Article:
Tag: Submissions

Kirk

Characterisation Part I

We’re into weird here at Headland. We like the oddball characters, the ones that you wouldn’t want to meet in real life, but that you’re grateful to have run into fictionally, so to speak. We like the characters that you’d want to be on a long car ride from Wellington to Auckland with, as well. Nice ones, that have interesting conversation. We like old ones, little ones, mean ones, and all of them in between.  We like them when they ring true, and get in your head. Short stories offer a challenge to writers to flesh out memorable characters with a limited word count. We’re really interested in the process that writers go through to create the people/things that drive their stories. We asked three Issue 9 authors to share their characterisation process with us.

We kick off with Craig Burnett,  author of ‘Seeds’, sharing his thoughts on his main character, real estate agent Kirk. Craig’s story is very topical, reflecting some of the themes currently playing out in New Zealand’s rental market.

Craig is a former journalist, who now works for a global politics think tank. He was born in Dundee and lives in south London, where he writes about awkward conversations, nasty surprises and the weight of the past. He has stories forthcoming in Noble Gas Quarterly, Flexible Persona, Fictive Dream and the Glasgow Review of Books. He tweets as @cburnettwriter.

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Kirk

My story is about a young and desperate flat-hunter, who meets an estate agent with a unique, efficient but very morbid business model. Kirk, the estate agent, is a grotesque figure, but hopefully not cartoonish. The whole story springs from the frustrations of trying to rent in a big city, and Kirk has a lot of the traits you might recognise from estate agents you meet in that situation – a sort of bouncy, vacant enthusiasm, and an unsettling tendency to babble well-rehearsed phrases (or even whole speeches). There’s some frustration beneath his patter though, which comes out later in the story.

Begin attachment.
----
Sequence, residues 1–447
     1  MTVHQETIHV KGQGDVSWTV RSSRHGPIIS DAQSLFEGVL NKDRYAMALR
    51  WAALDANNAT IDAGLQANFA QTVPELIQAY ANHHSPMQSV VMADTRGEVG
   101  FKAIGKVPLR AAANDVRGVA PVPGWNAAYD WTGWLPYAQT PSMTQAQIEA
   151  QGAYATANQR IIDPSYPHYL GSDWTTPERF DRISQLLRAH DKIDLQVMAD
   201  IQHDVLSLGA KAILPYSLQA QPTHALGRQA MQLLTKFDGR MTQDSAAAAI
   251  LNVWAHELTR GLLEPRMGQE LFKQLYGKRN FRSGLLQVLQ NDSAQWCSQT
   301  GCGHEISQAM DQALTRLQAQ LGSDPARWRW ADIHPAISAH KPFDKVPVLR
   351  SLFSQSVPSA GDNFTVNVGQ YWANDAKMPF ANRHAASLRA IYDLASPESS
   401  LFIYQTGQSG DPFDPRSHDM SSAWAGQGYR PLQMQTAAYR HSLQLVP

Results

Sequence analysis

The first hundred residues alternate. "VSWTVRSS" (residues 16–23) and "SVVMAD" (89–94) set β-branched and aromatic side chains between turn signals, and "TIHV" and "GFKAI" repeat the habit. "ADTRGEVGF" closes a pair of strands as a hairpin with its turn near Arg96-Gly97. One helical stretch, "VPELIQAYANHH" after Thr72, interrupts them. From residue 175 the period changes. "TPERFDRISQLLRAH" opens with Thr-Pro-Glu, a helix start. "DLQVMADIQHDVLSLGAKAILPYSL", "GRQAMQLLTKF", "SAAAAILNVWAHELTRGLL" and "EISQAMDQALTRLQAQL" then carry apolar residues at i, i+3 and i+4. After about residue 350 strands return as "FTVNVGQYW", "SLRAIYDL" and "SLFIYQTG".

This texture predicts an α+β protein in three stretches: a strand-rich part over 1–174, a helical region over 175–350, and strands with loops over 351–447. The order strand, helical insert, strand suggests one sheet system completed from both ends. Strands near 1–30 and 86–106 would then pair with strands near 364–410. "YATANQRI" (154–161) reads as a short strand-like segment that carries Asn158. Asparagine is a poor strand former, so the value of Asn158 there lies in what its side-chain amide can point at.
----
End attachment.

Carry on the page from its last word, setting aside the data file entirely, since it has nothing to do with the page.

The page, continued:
There is one specific estate agent that came to mind when I was creating Kirk, who I met five or so years ago. He wasn’t terrible, but there was some low-level deception/obfuscation/pressuring. Standard London flat-hunting stuff. He was showing me and my girlfriend round a flat, and said he used to work in finance – but that he quit because he “didn’t want to do a job where people hated him”. If it was a joke it was delivered absolutely deadpan, so hats off to him, but I actually think it was a bit of a defiance thing – daring us to say how much we hate estate agents. I’ve met a few people who work in less popular jobs who do that – “I know what you’re thinking,” kind of thing. We rented the flat, for a year, and just before we moved out he came back with another couple to try to get them to move in. It was weird, watching him show them around. He didn’t say anything awful, but I still felt a bit like I was witnessing a mugging.